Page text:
Thursday, September 27, 2007


Last year Ed and I were lucky enough to visit Burma for a couple of weeks. After weighing up the pros and cons of going and all the valid arguments both ways we bit the bullet and decided to go (particularly as it was at the inviation of Lek the elephant lady from Thailand.) Obviously while we were there we were keen to avoid spending our money with the vile dictatorship and found it very simple to do so when we got there by staying in small local operations and doing regular local things.

I wasn't sure how the Burmese people would take to us being in their country but I couldn't have been more suprised. Most of the people we met were very friendly and so happy that we had come to Burma. They were eager to talk and quite desperate for news of the rest of the world. Despite being cut off from the world for so long and being so desperately poor I was suprised to discover most people were fluent in a second language (usually English) and loved to read - yet most were limited to secondhand books and magazines left over from the 70's available in the market. But as much as people liked to talk there was always fear. One trishaw driver we caught a ride with started to talk about how much he hated the government before stopping and saying "I'm sorry I cannot talk anymore - there are too many ears on the streets." When we asked our guide about the Government moving the capital out of Rangoon almost overnight he replied 'we can't talk about it here....we'll talk about it when we're in the jungle". To use the internet was an elaborate affair where one would have to very subtly ask for access to yahoo or hotmail because they, like nearly everything are also banned.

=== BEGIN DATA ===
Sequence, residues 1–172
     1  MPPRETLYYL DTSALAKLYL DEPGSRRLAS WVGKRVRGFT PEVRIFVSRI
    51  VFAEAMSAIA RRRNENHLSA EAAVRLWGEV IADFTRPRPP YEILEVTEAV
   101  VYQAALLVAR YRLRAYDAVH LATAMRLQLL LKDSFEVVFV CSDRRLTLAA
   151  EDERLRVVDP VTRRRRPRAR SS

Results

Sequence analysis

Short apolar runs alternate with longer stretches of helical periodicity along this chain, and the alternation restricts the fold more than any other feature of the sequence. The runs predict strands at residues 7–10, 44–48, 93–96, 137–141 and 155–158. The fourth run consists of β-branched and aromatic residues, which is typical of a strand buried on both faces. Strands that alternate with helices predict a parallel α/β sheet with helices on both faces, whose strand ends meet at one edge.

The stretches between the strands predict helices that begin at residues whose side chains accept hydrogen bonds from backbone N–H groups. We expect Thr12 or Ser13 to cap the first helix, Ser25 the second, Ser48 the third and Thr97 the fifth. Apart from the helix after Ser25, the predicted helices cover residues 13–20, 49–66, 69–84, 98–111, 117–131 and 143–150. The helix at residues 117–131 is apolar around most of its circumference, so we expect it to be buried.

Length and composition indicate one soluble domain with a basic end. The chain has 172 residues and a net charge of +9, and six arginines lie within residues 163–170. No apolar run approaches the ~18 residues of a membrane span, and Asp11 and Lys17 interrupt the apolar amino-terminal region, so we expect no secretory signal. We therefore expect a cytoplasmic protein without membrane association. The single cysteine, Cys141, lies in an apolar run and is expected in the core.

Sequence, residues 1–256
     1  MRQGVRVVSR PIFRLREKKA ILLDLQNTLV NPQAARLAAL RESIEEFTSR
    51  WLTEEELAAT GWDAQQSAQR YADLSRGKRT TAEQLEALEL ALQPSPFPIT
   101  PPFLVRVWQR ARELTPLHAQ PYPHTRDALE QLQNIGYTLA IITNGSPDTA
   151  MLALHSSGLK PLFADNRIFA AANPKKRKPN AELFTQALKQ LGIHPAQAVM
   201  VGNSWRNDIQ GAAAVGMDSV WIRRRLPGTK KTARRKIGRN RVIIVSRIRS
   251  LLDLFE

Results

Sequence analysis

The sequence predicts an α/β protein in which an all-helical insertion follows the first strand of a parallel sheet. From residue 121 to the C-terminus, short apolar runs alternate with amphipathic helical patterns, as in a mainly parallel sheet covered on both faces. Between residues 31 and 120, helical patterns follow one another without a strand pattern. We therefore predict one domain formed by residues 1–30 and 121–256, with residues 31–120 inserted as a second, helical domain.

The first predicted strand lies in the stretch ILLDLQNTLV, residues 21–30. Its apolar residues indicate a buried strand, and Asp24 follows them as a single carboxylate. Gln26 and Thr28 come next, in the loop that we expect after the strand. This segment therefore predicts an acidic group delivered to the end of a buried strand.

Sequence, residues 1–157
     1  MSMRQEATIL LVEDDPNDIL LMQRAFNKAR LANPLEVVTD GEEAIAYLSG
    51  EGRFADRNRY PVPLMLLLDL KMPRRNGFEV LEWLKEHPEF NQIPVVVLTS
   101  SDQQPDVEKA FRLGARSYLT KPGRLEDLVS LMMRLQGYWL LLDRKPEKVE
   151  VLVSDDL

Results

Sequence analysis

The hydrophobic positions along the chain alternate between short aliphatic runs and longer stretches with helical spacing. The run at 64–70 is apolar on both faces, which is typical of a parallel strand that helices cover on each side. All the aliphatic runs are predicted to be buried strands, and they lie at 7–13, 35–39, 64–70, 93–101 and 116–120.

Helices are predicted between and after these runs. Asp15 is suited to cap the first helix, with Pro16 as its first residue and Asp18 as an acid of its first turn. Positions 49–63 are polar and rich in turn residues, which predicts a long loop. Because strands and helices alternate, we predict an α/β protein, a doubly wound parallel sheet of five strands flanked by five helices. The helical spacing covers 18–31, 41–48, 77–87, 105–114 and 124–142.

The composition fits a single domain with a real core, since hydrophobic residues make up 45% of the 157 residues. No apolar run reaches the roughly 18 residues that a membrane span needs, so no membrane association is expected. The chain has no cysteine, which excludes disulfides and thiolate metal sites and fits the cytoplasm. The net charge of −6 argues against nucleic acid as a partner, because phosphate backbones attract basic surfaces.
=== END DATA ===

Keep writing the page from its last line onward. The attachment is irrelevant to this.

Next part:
It's so sad to see the footage of familar places around Rangoon in chaos and people running from gunfire and who knows how many people whisked off never to be seen again. One comedian we met did 8 years hard labour breaking rocks just for making a joke about the dictators so god knows what will happen to the protesters. To me it seems that most Burmese people don't want that much, they just want to be able to make a decent living, read what they want, travel where they want, talk and have opinions without fear. It's a shame such an amazing, interesting and vibrant country is being stifled thanks to a few. One guy we met even told us that he wished that "George Bush would he did in Iraq." Pretty desperate when you wish that I would say, but desperate times call for desperate measures. I for one have my fingers crossed that change is in the air.


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